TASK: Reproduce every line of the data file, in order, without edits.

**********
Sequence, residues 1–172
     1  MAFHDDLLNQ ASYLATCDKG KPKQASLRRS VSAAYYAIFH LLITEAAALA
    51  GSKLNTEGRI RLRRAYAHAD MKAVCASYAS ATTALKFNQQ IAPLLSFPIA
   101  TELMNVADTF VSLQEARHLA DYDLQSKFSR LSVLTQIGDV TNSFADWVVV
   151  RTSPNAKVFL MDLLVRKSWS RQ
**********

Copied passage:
Sequence, residues 1–172
     1  MAFHDDLLNQ ASYLATCDKG KPKQASLRRS VSAAYYAIFH LLITEAAALA
    51  GSKLNTEGRI RLRRAYAHAD MKAVCASYAS ATTALKFNQQ IAPLLSFPIA
   101  TELMNVADTF VSLQEARHLA DYDLQSKFSR LSVLTQIGDV TNSFADWVVV
   151  RTSPNAKVFL MDLLVRKSWS RQ